New Jersey Higher Education Assistance Authority v. Martin, 265 N.J.Super. 564 (App. Div. 1993), merely states that a note provision requiring payment of counsel fees in the event of default is valid and enforceable, and that the court may not award less than the full amount of fees incurred. Id. at 567-568. The Ardinos probably would not argue with that general proposition; at any rate, their claim is a different, more nuanced one.

Bull v. Asset Acceptance, 444 F.Supp.2d 946 (N.D. Ind. 2006), also cited by Solomon, considered whether the fees sought in a complaint filed by a collector were excessive and violated the FDCPA in light of the debtor's promise to reimburse only "reasonable" attorneys' fees. Id. at 949. Bull does not address the issues in this case.

Newman v. Ormond, 396 Fed.Appx. 636, 639-40 (11th Cir. 2010), also dealt with an agreement to pay "reasonable" collection costs. The creditor sought a particular amount, but a court ultimately awarded less. The issue was whether the creditor's demand for the higher amount had violated FDCPA. Here, there is no "reasonable" costs provision or any issue comparable to the one in Newman. The Ardinos acknowledge that they have agreed to pay actual costs at a specified rate once Solomon completes its collection effort.

Solomon cites N.J.A.C. § 9A:10-6.16 (quoted supra at n.2), which merely authorizes HESAA to pass on its attorney fees to its borrowers at a rate of up to 30%. That regulation does not advance Solomon's position as to the issues in this case: the issue of when such fees become due, and when the lender may tell the debtor such fees are currently due. Indeed, although the regulation authorizes collection of costs in a general way, this case will more likely be decided based upon the terms of the Note and the retainer agreement between Solomon and HESAA.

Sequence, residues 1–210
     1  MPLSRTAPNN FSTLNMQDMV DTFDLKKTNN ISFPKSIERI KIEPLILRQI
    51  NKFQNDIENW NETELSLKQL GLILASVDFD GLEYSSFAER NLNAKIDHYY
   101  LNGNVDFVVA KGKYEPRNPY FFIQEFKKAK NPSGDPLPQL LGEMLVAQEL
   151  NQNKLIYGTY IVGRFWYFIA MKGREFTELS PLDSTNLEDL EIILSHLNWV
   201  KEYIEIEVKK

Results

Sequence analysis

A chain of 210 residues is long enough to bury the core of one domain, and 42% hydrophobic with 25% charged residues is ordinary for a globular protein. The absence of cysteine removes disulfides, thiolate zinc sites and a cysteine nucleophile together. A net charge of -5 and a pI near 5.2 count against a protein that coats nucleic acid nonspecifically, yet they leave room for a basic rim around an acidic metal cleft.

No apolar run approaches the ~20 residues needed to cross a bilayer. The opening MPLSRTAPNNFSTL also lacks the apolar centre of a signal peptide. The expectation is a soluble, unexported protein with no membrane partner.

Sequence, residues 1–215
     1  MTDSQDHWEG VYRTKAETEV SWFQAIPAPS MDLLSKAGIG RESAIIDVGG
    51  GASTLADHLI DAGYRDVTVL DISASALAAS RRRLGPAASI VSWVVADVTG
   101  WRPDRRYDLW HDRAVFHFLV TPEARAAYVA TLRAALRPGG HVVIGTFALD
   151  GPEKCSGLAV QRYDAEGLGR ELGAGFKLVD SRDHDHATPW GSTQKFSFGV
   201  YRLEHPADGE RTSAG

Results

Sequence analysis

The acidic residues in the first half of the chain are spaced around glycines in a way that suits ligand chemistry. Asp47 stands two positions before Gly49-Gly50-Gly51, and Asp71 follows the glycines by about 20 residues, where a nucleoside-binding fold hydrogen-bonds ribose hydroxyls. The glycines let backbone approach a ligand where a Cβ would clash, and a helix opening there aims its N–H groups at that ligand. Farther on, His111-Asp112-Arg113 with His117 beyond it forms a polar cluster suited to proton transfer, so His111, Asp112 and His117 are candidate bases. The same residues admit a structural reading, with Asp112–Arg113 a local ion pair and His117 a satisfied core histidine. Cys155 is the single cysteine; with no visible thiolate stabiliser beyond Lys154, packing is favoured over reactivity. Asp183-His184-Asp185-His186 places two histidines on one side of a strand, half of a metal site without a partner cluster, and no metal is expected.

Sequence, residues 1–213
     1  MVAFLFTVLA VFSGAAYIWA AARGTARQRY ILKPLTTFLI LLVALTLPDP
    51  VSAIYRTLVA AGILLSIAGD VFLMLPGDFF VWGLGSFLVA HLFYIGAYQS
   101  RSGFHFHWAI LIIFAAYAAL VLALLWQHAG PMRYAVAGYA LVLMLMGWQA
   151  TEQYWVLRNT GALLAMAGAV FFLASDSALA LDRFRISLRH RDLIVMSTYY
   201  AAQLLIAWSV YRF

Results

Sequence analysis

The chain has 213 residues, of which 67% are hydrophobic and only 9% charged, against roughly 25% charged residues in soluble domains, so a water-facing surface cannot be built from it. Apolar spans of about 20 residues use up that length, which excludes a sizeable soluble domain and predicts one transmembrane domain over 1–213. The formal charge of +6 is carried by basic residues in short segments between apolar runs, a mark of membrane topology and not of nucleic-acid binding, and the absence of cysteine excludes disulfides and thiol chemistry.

I authorized Solomon to make a surreply submission, in which it furnished a transcript of a hearing and decision on a motion for summary judgment in a case filed by HESAA (through Solomon) in New Jersey Superior Court. That collection case presented an issue similar to the one here, albeit via a counterclaim by the student debtor. Judge Kenneth J. Slomienski, disagreeing with the debtor, granted summary judgment in favor of HESAA. ( See NJHEAA v. Burke, No. L-9571-12 (N.J.Super. Ct. Bergen Co.) Transcript. Doc. No. 18, Ex. C).

This three-paragraph oral decision does not convince me, because it failed to analyze and apply the FDCPA. The decision merely found that N.J.A.C. § 9A:10-6.16 is a valid basis for fee recovery (true enough) and essentially dismissed the debtors' FDCPA argument because "there's no case law on that." ( Id. at Docket p. 30 (p. 15 of transcript). The learned judge may have been referring to published New Jersey authority, or he may not have had the benefit of a citation to Judge Linares's unpublished opinion in Hernandez, 2011 U.S. Dist. LEXIS 144356, which in turn cited Gathuru, 623 F.Supp.2d at 121-22, a published District of Massachusetts opinion. At any rate, the oral opinion contains no significant analysis, and it does not address the bases, expressed above, for my opinion.

In sum, the Ardinos have made allegations sufficient to set forth a plausible claim of